Nov 10, 2021

4 min read

Karvaa Chauth

Again starting with an advertisement hoarding going round WhatsApp group — this time I do not think there is any controversy about it as religion is not involved. I marvel why religious sentiments get hurt; irrespectively I wonder why people get hurt collectively about any issue. I too am part of this collective phenomena and I too get aggravated about issues and question the process of getting hurt. I am definitely better equipped to deal with situations when not bogged down by hurt — I am sure it is same with all human beings. Well, I am amused with the hoarding — the photograph shows policemen putting up the hoarding which says –

Tie your seat belts while driving a car;

Put helmet without fail while driving a scooter…

Do not keep your faith on karvaa chauth.

Chauth is the fourth day after new moon. Lot of South Asian systems work on lunar calendar, there are specific names for ascending and descending moon. Karvaa Chauth is the day when many Indian women fast through the day for their husbands’ long life and break the fast after offering water to the moon which invariably at this time of the year plays pricey and decides to play hide and seek with clouds. Human landing on the moon has done little to change this custom. I do hope someone will take the trouble to find the origin of this custom and share in response.

Beenaji, a home maker, whose home I live as a Paying Guest since 2015, does this fast in the traditional way, along with three Chauth fasts during the year in Rajasthan. This year 2021, Ramesh, her husband, not only convinced her to have saboo daanaa (tapioca) khichdi in the afternoon (on health grounds), he also soaked saboo daanaa the previous night and made it for her in the afternoon and sat with her so she partakes it. I have been telling her each year that human beings also an Indian woman have landed on moon but then I also am on the lookout for the moon to come out so she can take food. My democratic values come in the way for thrusting my notions on her. Ramesh said that this is not a ritual of Rajasthan but has come from Punjab. Haryali Teej and Ghangaur are local women centric festivities of Rajasthan. Ghangaur is a sixteen day celebration of marriage which denounces dowry.

Gut (Bheela), my sister, an engineer by education and a professional since leaving college, married in Punjabis (there is rarely marrying a man, a woman gets married into families and societies) and followed the traditional Karvaa Chauth each year with fanfare for thirty seven years. She does it as Biji, her mother-in-law asked her to do just this one. This is a good enough reason even for me, to do something out of sheer love and respect for another woman. Poorvi Vijan, her daughter, an architect, a business woman also does it for similar reasoning, married into Punjabi family. Tanvi, her elder daughter married into Marwari family does not fast but Rohini, another sister (my aunt’s daughter) married into a Marwari family follows the traditional Karvaa Chauth. But this ‘good enough reason’ does not dilute the devaluing of women. In Bengal there is a ritual which is ‘Jamaai shoshthi’ — a day when son-in-law is treated royally, basically valuing men. It surprises me no end that this valuing and devaluing is not visible to people. That this subtle promotion of valuing and devaluing is carried forward through generations in the patriarchal systems is completely invisible to most, is still more surprising.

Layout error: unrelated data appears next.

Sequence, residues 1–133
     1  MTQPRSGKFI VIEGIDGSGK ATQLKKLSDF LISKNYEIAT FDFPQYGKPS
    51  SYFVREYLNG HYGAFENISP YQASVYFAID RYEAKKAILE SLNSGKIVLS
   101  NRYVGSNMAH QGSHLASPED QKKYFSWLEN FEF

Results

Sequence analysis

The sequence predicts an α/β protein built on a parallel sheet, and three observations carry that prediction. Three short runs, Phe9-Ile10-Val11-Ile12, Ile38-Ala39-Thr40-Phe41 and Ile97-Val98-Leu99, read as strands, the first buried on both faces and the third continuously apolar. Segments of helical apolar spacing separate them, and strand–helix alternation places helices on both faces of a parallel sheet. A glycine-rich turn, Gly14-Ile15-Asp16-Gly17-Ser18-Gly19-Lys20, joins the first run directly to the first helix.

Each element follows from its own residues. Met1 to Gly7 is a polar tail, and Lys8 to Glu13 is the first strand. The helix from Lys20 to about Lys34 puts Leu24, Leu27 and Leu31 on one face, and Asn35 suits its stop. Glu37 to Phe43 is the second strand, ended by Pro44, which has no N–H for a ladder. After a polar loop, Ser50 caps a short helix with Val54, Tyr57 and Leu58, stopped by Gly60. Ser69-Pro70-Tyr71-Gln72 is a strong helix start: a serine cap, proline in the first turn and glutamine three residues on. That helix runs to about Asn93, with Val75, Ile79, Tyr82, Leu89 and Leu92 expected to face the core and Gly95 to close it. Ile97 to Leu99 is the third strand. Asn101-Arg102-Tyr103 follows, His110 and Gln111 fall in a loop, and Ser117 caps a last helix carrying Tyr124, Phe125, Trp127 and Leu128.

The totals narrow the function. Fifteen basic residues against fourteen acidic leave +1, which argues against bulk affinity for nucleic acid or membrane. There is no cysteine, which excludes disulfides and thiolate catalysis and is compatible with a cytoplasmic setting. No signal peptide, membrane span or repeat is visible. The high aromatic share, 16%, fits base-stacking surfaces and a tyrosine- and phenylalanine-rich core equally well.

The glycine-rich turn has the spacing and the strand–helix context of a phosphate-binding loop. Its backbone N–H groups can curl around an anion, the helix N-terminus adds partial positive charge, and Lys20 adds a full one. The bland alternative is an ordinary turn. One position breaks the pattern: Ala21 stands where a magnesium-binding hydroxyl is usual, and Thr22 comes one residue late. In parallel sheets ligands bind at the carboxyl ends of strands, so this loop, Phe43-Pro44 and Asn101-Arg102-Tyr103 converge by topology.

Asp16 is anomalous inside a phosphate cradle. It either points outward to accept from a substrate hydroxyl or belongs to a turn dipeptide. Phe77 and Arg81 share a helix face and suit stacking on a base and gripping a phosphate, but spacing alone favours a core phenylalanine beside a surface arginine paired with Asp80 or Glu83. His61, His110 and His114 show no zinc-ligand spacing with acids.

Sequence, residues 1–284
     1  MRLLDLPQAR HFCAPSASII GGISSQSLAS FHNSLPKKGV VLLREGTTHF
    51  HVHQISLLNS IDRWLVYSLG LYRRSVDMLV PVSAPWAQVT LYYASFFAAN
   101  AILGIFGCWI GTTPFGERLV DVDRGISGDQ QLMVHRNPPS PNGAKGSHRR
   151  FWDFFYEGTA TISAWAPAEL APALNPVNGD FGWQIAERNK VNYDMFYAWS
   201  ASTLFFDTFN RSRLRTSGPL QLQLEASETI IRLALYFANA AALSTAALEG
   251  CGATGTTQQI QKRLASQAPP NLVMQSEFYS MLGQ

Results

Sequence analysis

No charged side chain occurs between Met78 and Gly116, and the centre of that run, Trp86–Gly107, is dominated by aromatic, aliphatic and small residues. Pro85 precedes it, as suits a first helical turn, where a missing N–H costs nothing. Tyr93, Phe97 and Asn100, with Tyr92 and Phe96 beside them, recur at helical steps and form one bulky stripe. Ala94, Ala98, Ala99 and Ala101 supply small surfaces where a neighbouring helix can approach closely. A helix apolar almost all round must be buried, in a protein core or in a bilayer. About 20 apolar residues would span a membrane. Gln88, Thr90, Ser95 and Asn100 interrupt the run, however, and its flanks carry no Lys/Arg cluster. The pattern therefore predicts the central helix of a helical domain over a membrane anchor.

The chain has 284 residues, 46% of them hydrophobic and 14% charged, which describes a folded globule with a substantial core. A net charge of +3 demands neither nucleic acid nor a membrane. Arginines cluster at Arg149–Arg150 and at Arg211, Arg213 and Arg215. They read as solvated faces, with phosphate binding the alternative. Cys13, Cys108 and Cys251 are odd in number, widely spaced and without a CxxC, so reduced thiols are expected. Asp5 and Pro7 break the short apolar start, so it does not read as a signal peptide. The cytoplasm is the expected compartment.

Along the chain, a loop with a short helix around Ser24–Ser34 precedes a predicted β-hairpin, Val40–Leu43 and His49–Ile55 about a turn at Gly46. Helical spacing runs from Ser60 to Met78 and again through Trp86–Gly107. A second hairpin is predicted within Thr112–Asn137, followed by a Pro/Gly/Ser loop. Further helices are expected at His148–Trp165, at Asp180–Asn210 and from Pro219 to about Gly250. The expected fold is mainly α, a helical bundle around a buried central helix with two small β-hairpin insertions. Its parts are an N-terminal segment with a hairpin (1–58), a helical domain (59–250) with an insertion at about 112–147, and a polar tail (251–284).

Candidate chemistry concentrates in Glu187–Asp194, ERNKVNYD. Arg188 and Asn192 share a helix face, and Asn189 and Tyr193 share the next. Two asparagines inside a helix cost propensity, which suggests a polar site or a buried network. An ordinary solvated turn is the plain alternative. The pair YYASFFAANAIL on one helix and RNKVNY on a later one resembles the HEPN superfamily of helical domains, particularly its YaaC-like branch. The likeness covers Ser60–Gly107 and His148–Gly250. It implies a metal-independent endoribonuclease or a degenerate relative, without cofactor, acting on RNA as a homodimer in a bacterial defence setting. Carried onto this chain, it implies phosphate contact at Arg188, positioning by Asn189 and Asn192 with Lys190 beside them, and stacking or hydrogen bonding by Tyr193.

A girl working for bringing in change towards shared with me another advertisement about Karvaa Chauth by Dabur Fem. Ritu Bannerjee has brought out the drawbacks of the (https://feminisminindia.com/2021/11/02/living-in-dystopia-a-commentary-on-controversies-from-fabindia-to-dabur-fem/ ) advertisement in the article in Feminism in India and she ends with — ‘I am unable to have faith in my constitution any more, in any system of justice, or any assurance my country provides. I see that intolerance and violence are rampant and silencing dissent is slowly becoming the norm. I am worried about the state of affairs, and I hope you are too’. I am too optimistic but that is just one part of my faith in humanity to struggle against injustice and capacity to dissent. The other part is knowing the strength of collective struggle which is generally not made available in education system. What I see in the Dabur Fem article is the creativity of the person who thought of the idea which would have been not easy in this patriarchal society even with Pride rallies in the past few years and the Article 377 revoked in 2018 (https://www.thehindu.com/news/national/two-years-since-article-377-annulment-lgbtq-community-still-battling-prejudice/article32534479.ece 10.11.2021/12.26 p.m.). To imagine, that women can look at each other and open fast is straight forward challenge to the patriarchal norms of marriage and male dominance, is height of creativity. I am against colour hierarchy of course!

Another aspect about this fast which cannot be thought of as norm or exception to the rule but it is realities of the social structure that women (read wives) can demand gifts in the name of the fast as per their economic status and gives a free hand to the market centric capitalist world. But then so is Dhanteras, where vessel to gold is considered auspicious to be bought.

I listen to radio, only Vividh Bharati and all programmes land up talking about Karvaa Chauth in awe, specially the one which is done without even taking water. I do not think it was forced down the throat in this manner in my childhood. I just do not get it — why this need? Even on Television I believe all soaps promote to make it pan-Indian. In the same manner the British had made Sati (widow burning) a pan-India issue, to state that people of this place were not fit to govern themselves, and eventually it was the struggle of people which broke the empire where the Sun never set.